Bike advice

9 messages
04/01/2016 at 07:01

Hi I'm looking at getting my first Triathlon bike and would like to see what peoples thoughts are on the following bikes, pros/cons and suitability for a novice to road bikes. Any suggestions on other bikes would be much appreciated.

Thanks 

Fuji Norcom 2.5 Merida Warp Tri 3000 

 

Specialized Shiv Elite  Trek Speed Concept 7.0 S Cervelo P2 105 

 

ris
   Moderator
04/01/2016 at 22:50

i am sure any of those would make an excellent bike for your first tri, and probably quite a few beyond!  with bikes the best advice (and this goes for £500 entry-level bikes as much as £2k tri-bikes) is to try them out, ideally in a bike shop that will take some time with you to get a frame and geometry that is right for your body shape any how you ride. 

the general guidance online, or in books, will take you so far, but nothing is better than someone actually looking at how you ride and asking you about what you want to achieve to get the set up correct.  


bridgtown cona testa tri team - proudly finishing at the back

most disturbing in lycra award, 2010, 2012, 2013

05/01/2016 at 09:40

+1 to that - as a novice its especially important to sit on a bike, see how you ride and get some outside input.

All other things being equal I would go for the Shiv - in my view its a better frame than the others.

For the Cervelo they are a really pain to maintain and its not unheard of for people to have hugely expensive Cervelo bikes being completely unrideable because of something as silly as a broken clamp on the seat tube being on back order and "stock parts" not really working properly. You're also rather paying for the Cervelo badge an I just don't think its worth it.

Finally the Shiv benefits from more integration of hydration and aero tool box, so IMHO looks cleaner and nicer when in race day trim.

06/01/2016 at 13:09

If you can try and get a bike fit - quite a few shops will discount what you pay for bike fit off the bike cost. Most important thing is to have a bike that fits - when I had a bike fit had only 2 frames to choose from due to being short and having proportionally short legs - so only had Specialized Shiv, or a small Felt bike that would fit properly.

I went for the Shiv, and have found it to be great - there are usually some well discounted older frames (i ended up with a 2013 frame for 1/3rd of the price) - but the best bike won't be great for you unless it fits.

06/01/2016 at 15:54

I have had a bike fit and ended up with a Scott Plasma 30. Not a bike I had looked at but is a good fit (and was discounted as well which is a bonus). 

Thanks for all the advice. 

07/01/2016 at 16:02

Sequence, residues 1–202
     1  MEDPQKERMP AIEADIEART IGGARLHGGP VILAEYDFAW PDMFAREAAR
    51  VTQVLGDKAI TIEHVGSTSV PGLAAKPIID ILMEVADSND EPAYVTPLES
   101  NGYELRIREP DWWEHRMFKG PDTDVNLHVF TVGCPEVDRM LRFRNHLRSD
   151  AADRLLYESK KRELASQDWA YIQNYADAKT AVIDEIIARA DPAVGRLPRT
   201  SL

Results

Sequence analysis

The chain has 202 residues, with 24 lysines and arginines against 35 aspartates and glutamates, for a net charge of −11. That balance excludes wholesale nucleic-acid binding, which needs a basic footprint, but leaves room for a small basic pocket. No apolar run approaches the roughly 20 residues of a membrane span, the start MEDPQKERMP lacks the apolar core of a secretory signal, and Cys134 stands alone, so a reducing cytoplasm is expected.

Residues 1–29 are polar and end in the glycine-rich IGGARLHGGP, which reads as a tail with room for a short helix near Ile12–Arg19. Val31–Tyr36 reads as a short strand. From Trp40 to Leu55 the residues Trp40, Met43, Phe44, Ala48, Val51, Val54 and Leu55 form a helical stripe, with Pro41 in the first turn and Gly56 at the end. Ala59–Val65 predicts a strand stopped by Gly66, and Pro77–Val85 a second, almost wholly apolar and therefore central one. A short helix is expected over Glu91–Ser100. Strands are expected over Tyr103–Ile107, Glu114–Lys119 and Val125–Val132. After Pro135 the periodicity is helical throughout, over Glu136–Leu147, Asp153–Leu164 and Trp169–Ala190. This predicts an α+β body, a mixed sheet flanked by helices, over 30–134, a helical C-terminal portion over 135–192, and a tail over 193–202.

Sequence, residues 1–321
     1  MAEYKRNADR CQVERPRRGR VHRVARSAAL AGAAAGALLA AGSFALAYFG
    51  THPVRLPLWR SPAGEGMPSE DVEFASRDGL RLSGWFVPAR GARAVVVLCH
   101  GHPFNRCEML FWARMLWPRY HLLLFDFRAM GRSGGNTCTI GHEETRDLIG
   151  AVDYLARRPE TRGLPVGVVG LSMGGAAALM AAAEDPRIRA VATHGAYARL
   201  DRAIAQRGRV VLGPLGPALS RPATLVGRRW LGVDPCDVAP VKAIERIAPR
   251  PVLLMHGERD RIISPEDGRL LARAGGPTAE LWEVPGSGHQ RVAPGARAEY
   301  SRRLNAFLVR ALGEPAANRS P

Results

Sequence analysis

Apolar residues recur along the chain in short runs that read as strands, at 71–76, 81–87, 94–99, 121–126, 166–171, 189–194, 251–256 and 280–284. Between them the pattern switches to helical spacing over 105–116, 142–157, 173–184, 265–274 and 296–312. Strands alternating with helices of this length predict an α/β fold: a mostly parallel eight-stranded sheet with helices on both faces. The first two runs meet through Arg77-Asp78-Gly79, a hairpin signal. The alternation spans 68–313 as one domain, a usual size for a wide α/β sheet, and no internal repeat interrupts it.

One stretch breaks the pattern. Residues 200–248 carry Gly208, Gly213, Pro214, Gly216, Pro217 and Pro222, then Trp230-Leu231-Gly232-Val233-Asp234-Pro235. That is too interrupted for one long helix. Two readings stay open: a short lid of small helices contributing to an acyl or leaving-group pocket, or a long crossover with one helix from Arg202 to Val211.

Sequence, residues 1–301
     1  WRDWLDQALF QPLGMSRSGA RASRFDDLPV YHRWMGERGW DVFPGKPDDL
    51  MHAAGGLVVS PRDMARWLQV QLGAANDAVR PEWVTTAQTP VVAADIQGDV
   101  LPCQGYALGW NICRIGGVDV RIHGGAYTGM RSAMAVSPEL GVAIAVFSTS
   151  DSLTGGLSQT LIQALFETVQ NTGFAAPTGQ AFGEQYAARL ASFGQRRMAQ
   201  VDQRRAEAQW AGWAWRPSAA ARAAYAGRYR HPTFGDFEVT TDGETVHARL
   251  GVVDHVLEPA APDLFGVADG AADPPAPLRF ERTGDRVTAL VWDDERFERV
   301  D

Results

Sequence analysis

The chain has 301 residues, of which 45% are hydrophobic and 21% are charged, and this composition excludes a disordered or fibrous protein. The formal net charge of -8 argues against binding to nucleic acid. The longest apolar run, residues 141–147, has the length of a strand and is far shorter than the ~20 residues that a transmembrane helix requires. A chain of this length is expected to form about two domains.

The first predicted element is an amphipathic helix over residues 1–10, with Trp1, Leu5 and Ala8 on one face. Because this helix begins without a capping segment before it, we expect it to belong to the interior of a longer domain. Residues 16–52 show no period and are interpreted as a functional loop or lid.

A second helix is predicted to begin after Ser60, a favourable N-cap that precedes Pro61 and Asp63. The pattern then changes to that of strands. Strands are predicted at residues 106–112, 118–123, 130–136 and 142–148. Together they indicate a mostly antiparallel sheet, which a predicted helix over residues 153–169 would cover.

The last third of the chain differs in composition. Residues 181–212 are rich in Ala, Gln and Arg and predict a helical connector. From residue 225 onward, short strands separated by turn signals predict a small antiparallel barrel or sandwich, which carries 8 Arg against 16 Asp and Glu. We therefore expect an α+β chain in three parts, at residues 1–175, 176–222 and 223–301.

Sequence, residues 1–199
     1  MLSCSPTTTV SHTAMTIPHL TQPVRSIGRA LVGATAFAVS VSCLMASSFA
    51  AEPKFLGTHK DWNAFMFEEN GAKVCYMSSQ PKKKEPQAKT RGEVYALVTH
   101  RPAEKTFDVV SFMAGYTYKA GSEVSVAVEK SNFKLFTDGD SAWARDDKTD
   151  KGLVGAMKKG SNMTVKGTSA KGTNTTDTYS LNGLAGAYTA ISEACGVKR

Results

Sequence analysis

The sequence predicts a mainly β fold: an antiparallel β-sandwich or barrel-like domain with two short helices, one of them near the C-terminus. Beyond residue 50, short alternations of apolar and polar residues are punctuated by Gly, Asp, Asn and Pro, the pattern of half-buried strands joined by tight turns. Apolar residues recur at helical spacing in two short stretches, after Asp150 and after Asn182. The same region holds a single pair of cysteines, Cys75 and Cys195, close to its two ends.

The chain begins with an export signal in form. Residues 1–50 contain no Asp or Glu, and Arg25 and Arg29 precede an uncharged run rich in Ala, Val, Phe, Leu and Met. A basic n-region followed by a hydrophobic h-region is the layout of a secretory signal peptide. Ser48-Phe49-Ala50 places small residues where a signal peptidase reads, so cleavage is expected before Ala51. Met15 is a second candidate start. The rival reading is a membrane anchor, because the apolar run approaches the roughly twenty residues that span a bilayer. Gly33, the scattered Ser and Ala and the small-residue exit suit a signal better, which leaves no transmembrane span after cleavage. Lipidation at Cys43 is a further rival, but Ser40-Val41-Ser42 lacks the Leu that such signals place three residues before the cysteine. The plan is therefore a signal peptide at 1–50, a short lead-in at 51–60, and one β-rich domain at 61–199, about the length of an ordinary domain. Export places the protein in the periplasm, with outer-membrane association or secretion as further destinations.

A lovely bike... i have the Plasma 20!


Newbie triathlete, serial researcher - tritriagain

10/02/2016 at 12:24

Hi Earl, I'm in the same position as you. I too am just about to buy my first tri-bike. It certainly is a somewhat daunting task.

What the other guys say is definitely true though. I've been a weekend cyclist for years and buying from a shop that properly fits you for a bike is worth every penny. my first road bike I ever bought, back in 2007, I bought straight off the shelf, rode it round the block a few times. It felt alright so I bought it. After 70 miles or so my back was in bits.

i originally put this down to bad posture, so did gym work to help with posture, flexibility etc.

My second bike was a Condor where they not only properly measure you but it's fully customisable. Handle bar width, stem length as measured and picked to suit your exact measurements. It is an expensive option, don't get me wrong, and there's no bike to try out as they are obviously made to order. However when I picked my bike up and rode it for the first time. It was perfect.

Getting fitted for a bike is definitely worth it but so is getting a bike that looks cool. A lot of the fun of buying new toys is the aesthetic value, sometimes magazines overlook this I feel. It might not be as important but it is still important. Buying a bit of kit that you love using will make you want to use it more.

Good luck with getting your bike. Hope you enjoy many a happy mile together.

 

17/02/2016 at 18:20

I would recommend actually going to a shop where they either fit you on the bike, or you can test out bikes yourself and find what is comfortable to you.  Everyone is different and a bike someone else says is amazing might be the worse bike you have ever ridden on to you.  So I would just find a place to test some out/get fitted and go with what feels right to you.

27/02/2016 at 12:23
Hi im thinking of buying a blue triad SL tt bike could anyone give me an unbiased review of this bike. They don't seem to show up on the regular sites.
Thanks
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